Strategic Account Management
Key Account Management is a complex task. Doing it right required commitment and above all preparation. Here we outline ways to get the most out of relationships with your customers
- Identify your key accounts – Ask your employees who your 10 most important customers are and you can be sure to receive countless, often contrasting replies. One leading chemical Mercuri International works with received 56 different answers from 10 senior managers to that same question.
- Consider which of your customers you could not afford to lose and what makes them invaluable to your company.
- Effective key account management starts at senior management level so avoid leaving strategic decisions to operational sales people as those that manage such relationships are often too close to their customers to assess their value objectively.
- Initiate high-level agreement on your selection criteria and make sure everyone at your company knows who the key accounts are and why. Top performing organizations consistently recognize their key accounts.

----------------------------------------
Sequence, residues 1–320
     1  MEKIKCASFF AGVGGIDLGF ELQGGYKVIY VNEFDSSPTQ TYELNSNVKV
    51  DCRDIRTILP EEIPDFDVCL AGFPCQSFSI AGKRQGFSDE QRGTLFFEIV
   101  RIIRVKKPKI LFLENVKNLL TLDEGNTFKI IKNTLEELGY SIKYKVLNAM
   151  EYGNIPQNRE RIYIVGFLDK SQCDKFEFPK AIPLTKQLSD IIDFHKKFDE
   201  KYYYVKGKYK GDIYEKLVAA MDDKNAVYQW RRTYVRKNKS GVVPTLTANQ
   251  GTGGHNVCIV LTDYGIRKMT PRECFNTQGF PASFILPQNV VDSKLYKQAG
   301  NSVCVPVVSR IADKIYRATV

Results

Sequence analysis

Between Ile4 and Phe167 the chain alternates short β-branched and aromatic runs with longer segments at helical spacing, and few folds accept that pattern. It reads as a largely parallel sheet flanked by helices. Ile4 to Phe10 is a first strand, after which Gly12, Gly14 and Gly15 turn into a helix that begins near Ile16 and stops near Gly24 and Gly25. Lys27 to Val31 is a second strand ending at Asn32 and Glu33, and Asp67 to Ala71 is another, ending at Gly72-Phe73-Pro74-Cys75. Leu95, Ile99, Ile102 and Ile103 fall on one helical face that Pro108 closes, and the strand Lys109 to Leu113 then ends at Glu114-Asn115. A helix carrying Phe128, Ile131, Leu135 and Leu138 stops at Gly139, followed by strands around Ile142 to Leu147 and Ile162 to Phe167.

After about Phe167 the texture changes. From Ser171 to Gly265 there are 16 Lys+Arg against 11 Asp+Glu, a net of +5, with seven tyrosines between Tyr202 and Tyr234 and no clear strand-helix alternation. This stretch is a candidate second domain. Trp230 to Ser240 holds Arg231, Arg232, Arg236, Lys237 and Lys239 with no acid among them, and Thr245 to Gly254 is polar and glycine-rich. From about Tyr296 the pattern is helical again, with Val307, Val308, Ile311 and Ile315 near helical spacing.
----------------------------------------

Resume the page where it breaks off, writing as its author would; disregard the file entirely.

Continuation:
- Once you have identified and nominated a select number of top customers, don’t forget you’ll also need to manage all those “non-key” accounts. The long tail of smaller companies you work with cannot be ignored.
- This may even require a complete review of your distribution strategy for services and products. A leading US technology corporation started its key account programme with 200 nominated global ac-counts. They soon realised they had far too many and cut that number down to a handful before building it back up again when they had the resources in place. Reviews were done regularly to make sure key accounts were properly identified and communicated properly throughout the company.
- Plan effectively – When you plan a key account management process, it is important you include information about the culture and aims of your top customers.
- The process should also contain specific sales and business objectives for the coming year together with stage goals against which the account manager can gauge progress.
- A key account management plan is typically written early in the year. The sales director then signs it off and it is shelved until appraisal time. A dynamic plan, however, is reviewed and examined on a regular basis.
- Mercuri International advocates a 90-30 plan. Plan your actions for the next 90 days and decide what point you want to reach in your relationships with key accounts.
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